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Children and young people

Young people talking around a table

The pressures and challenges involved in supporting children and young people with mental health problems are well documented. As is the concern amongst families of those with unmet needs. The national number of referrals to specialist children’s mental health services has increased by 26% over the last five years according to research by the Education Policy Institute (EPI).

Concern around the length of time taken to help children and young people with mental health issues continues to rise. Addressing this will remain a Wakefield health and care priority for now and the foreseeable future. As a system, over 160 stakeholders contributed to a series of mental health summits in Wakefield last year to identify specific local priorities for children and young people’s mental health.

 

Working together across Wakefield District

Local health, social care and voluntary and community partners, including Wakefield Council, The Mid Yorkshire Hospitals Trust and South West Yorkshire Partnership Foundation Trust, are looking at how we work together across the Wakefield District to put in place new ways of working to improve children and young people’s mental health – so that services are equal and sustainable across the district.

Wakefield District has collectively responded to the National Government’s call to improve approaches and services for children and young people’s mental health and well-being by developing the Future In Mind Wakefield Transformation Plan. This plan has been well received by National government, and work is under way to make the plan a reality. The Plan is also submitted by NHS Wakefield Clinical Commissioning Group (CCG) to NHS England annually

Working in partnership with other organisations, including the police and community organisations is central to our Wakefield approach. You can see evidence of this through the introduction of mental health care navigators who support families and enable other health professionals to focus on specialist decision-making and the safer spaces work for children and young people in mental health crisis. This way of working provides alternatives to bed days whilst reducing unnecessary A&E attendance.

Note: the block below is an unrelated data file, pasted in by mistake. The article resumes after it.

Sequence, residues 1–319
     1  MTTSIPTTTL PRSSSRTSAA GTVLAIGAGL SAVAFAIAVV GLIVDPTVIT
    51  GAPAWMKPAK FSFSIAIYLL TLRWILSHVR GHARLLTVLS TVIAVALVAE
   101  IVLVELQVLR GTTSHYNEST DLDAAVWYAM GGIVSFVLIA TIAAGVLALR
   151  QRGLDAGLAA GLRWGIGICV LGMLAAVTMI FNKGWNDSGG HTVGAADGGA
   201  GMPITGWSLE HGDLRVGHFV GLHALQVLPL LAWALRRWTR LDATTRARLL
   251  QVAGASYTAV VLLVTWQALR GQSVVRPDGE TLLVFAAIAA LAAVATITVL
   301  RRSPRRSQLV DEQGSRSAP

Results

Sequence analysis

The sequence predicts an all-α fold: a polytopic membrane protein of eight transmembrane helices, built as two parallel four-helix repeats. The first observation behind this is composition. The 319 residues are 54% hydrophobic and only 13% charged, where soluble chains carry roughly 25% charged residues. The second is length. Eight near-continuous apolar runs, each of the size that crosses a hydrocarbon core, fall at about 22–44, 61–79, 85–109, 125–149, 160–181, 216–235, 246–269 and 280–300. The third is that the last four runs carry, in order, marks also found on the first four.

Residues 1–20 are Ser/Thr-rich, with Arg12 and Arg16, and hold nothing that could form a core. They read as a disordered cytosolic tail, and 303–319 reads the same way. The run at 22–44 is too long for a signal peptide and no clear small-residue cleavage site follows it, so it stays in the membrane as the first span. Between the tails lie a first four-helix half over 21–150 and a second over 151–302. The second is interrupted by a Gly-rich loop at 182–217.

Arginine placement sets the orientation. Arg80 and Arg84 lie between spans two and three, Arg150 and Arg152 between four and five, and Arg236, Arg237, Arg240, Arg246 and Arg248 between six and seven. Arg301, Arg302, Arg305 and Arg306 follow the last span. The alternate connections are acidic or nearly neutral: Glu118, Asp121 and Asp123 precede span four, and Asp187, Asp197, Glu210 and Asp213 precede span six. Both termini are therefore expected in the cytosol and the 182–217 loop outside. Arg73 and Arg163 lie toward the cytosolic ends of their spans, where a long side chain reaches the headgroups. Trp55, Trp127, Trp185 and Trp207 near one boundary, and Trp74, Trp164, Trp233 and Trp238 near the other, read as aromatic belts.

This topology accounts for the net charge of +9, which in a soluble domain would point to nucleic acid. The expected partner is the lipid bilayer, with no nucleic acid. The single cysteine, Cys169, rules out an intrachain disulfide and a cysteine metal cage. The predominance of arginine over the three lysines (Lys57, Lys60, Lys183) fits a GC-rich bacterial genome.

Children and young people’s mental health and emotional wellbeing

The wellbeing of children and young people who are looked-after by Wakefield Council, either in foster care or children's homes is important to us all. The prevalence of mental illness is significantly higher in looked-after children than equivalent populations.

The CCG has a key role to play in safeguarding and promoting the welfare of unborn babies, children, young people and vulnerable adults. We also have responsibility for ensuring the provider organisations from whom we commission services provide safe systems for safeguarding children and adults, which includes the provison for Looked After Children.

Find out more about Safeguarding in Wakefield for children and young people.

 

Ensuring children and young people's voices are heard

The "Build our Futures" website helps children and young people from across the Wakefield district to discover how they can get involved in decision making, and learn how their voice is being used to shape health and care services.

You can watch videos to learn about the priorities of Build Our Futures, as well as the projects going on to increase the engagement of children and young people.

The website will also be continuously updated with helpful information, articles, blogs, newsletters, announcements and voice of the child successes.

Visit the website now to find out more.

 

Supporting Wakefield families together

Early Help means providing support to a child, young person or their family as soon as a problem emerges.

Whether you’re a parent, a young person or an Early Help professional looking for advice, support or family activities, you’ll find all the information you need on the Wakefield Early Help website.

Visit the website now to find out more.